Beer in a Box
In a novel approach to the way freshly brewed beer can be
carried home, a Hunterdon County brewery has decided to go
the route long used by wine and more recently by coffee and
soda purveyors. The Ship Inn Brew Pub in Milford now gives its
customers the chance to buy its beer in a box.
"There really isn't much of a learning curve," said Tim Hall, the
brewer. "There aren't a lot of people doing this."
Since it opened in 1995, patrons to the brewery have been able
to take the brewed-on-premises beer home in half gallon jugs
called growlers, that can be refilled multiple times, but Hall said a
lot of the decision to switch to a cube was economical and
The boxes are inexpensive and biodegradable and are a favorable
alternative to glass bottles. Hall, who has spent a lot of time
abroad as both a student and tourist said that he was unaware of
the stigma that boxed adult beverages have in the states.
"In Europe, it's really good," said Hall standing behind the dark
wood bar on a chilly morning. "At first, I was getting strange
looks from customers."
Sideways glances did not last long however. The Ship Inn began
to test the five and 10 quart boxes in the fall of 2006 and by last
summer had made them a staple of the pub. The idea has caught
on and they are now selling about an extra 100 gallons of beer
A brew pub is defined as a restaurant that brews small batches of
beer on premises. State law prohibits the pubs from selling their
suds through distributors. A micro brewery is traditionally
defined as one that produces up to 15,000 barrels per year. A
barrel holds roughly 31 gallons.
Currently the Ship Inn has three of their homemade beers on
tap. There is an English Bitter Style Ale, a cask conditioned
-unfiltered and low carbonation beer served from a hand pump -
ale and Golden Wheat beer that Hall calls more of a "lawn
mower" beer, designed for people who still might be leery of
Of the nearly two dozen brew pubs and micro breweries in the
Garden State, the Ship Inn is the only one currently pouring into
boxes, according to the state brewer's guild.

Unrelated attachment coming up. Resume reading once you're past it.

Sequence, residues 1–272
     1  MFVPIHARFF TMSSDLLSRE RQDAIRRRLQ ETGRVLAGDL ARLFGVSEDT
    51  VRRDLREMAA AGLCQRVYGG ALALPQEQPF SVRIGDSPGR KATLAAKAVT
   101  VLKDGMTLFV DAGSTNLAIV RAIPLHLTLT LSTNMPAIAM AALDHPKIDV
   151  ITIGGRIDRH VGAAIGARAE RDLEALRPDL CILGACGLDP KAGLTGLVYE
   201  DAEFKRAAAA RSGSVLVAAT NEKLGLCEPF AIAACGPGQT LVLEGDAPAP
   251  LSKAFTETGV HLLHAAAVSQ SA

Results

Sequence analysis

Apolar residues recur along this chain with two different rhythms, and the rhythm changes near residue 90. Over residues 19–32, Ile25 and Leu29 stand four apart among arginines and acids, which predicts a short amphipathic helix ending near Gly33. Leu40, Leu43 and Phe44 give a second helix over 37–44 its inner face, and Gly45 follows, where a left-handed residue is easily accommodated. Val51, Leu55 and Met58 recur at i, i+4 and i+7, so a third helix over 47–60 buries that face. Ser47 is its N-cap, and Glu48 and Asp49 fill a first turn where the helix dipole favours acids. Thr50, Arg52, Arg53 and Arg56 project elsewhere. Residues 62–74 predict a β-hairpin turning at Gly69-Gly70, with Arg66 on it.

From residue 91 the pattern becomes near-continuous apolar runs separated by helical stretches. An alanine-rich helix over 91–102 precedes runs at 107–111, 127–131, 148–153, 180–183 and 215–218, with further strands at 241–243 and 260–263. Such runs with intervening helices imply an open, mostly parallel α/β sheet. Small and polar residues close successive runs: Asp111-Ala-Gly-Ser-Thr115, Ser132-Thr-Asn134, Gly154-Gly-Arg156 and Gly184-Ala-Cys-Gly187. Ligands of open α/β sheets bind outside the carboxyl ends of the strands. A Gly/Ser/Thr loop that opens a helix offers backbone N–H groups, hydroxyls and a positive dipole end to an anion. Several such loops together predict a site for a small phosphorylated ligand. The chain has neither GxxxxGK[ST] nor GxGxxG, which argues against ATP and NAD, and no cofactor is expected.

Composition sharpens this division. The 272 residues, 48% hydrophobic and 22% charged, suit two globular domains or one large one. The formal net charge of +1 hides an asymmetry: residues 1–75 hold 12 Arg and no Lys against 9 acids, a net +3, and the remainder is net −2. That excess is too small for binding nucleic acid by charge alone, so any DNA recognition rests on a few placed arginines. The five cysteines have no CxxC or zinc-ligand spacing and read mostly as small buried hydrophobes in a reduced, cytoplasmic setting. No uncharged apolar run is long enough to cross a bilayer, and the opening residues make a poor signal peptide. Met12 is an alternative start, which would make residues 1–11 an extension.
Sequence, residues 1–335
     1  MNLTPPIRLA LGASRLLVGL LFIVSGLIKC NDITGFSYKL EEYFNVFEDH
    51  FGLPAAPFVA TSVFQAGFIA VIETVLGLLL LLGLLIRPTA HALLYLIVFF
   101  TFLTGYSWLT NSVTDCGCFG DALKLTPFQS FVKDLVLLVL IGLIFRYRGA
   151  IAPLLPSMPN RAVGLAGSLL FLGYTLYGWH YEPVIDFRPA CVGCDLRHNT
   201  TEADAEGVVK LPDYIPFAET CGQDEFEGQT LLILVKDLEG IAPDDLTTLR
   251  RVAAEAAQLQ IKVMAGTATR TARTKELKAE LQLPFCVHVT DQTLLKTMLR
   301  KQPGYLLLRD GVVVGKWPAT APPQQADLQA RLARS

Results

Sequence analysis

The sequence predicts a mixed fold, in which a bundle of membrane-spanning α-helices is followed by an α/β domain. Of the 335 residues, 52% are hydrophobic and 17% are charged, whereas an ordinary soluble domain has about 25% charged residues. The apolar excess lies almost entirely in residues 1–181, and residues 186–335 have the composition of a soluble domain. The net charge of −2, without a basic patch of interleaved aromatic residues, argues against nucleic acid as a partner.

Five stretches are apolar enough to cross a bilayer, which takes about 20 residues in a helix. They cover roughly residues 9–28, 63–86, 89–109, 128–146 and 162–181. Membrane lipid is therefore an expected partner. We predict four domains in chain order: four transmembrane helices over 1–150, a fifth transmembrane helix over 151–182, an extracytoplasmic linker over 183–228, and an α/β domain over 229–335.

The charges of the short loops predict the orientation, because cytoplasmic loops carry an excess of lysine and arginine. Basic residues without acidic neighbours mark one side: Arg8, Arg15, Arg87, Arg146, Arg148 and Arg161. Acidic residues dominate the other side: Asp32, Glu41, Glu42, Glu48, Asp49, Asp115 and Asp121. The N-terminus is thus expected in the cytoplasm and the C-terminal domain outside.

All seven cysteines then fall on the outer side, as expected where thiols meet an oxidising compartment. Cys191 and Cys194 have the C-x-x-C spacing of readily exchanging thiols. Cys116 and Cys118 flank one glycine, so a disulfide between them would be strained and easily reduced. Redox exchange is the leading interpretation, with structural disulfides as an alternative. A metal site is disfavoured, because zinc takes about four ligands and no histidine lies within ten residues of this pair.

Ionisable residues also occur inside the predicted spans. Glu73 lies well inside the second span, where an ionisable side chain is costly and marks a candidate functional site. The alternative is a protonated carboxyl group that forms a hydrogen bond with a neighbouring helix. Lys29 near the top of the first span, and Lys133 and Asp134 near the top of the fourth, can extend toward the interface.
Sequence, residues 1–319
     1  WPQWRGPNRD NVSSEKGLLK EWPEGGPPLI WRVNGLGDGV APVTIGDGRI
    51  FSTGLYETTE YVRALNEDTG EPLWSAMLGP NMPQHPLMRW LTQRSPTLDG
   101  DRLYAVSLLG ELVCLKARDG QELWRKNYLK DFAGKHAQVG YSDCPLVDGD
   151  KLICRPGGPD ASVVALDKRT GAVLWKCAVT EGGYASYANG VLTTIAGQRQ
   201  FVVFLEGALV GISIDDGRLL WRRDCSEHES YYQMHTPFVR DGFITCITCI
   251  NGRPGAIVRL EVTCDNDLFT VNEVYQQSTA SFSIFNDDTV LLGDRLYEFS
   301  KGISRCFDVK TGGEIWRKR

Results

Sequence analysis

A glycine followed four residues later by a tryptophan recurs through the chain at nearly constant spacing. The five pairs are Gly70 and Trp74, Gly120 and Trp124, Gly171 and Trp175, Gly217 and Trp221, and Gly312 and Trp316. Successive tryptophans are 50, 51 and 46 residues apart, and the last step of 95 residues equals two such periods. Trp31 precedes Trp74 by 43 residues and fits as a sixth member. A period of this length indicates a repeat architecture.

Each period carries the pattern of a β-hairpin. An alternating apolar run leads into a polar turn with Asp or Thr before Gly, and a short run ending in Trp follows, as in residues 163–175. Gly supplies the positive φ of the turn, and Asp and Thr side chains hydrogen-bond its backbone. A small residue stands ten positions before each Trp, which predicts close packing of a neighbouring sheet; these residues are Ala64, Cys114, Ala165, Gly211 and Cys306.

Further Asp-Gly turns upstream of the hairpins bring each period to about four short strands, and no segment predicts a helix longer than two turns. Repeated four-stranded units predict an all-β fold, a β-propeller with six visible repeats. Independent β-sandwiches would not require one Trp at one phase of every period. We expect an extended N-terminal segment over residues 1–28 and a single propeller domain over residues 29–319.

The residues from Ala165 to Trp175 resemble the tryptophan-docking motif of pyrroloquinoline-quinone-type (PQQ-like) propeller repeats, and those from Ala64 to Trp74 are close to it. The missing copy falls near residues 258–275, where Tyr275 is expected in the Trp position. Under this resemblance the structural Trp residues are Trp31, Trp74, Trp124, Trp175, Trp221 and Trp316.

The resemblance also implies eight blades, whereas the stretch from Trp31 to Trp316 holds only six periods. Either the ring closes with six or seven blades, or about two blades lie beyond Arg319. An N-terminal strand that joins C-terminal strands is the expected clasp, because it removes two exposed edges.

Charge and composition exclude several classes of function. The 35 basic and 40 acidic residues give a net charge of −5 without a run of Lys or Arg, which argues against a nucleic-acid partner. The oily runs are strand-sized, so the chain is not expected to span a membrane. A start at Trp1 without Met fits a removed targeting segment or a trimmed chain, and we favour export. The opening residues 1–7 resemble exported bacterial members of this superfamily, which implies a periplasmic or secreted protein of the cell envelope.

Hall said he researched the idea for a few years and had to
reconfigure the pub's taps to accommodate the new system. In
the spirit of fresh beer, they are only filled when ordered.
"You won't find them sitting on a shelf or cooler," he said.
There are a handful of brew pubs across the country that are
also boxing their beer, including Rubicon Brewing in Sacramento,
CA which has been offering gallon boxes for the last few years.
But in large, the idea of boxing beer is a new thing.
Julia Herz, a spokeswoman for the Brewers Association, a
nonprofit group devoted to professional brewers, said that while
"alternative packaging" has become a trend in craft brewing, she
and others at the association had not heard of the cardboard
"From a cost perspective it's probably a helpful decision," she
said in a telephone interview from Colorado.
She noted that many craft brewers are also returning to the idea
of cans - a container that can also carry a negative image - saying
that in 2007 at least 25,000 barrels of suds wound up in
aluminum cylinders. Micro brewers who are using cans said it is
cheaper than bottles, it better helps retain flavor and helps their
product stand out on shelves that are becoming more and more
crowded with craft beers.
Dan Soboti Jr., who brews at the Gaslight Brewery and
Restaurant in South Orange said that they would likely stick with
glass growlers for the foreseeable future.
"We talked about it, but we decided that it wasn't going to work
for us," he said.
Hall said that he sells between 30 and 40 boxes and growlers per
week and once a cube is filled, the beer stays carbonated for 2-3
weeks. The five quart box sells for $18 and the 10 quart for $28.
Each comes with a reusable plastic tap that can be screwed onto
the spigot and reused by return visitors. The box itself isn't built
for more than one use, though the brewer said it's possible to
get a second round out of it. When the box is emptied, drinkers
can break it down and toss it in with the recycling.
Customers to the Ship Inn, like Richard Kroth of Milford, like the
box because they last longer than growlers. And with a young
child at home, he's not able to get to the pub as often as he'd like.
"It's just really easy," he said.
Looking forward, Hall says he hopes to add some new beers to
the rotation that are "full of flavor but have a low alcohol
In doing so, he hopes to bring new drinkers to the craft brew
bar, and see them leave with a box tucked under their arm.
A Journalist Looks at Beer
|The Beer Briefing
by John Holl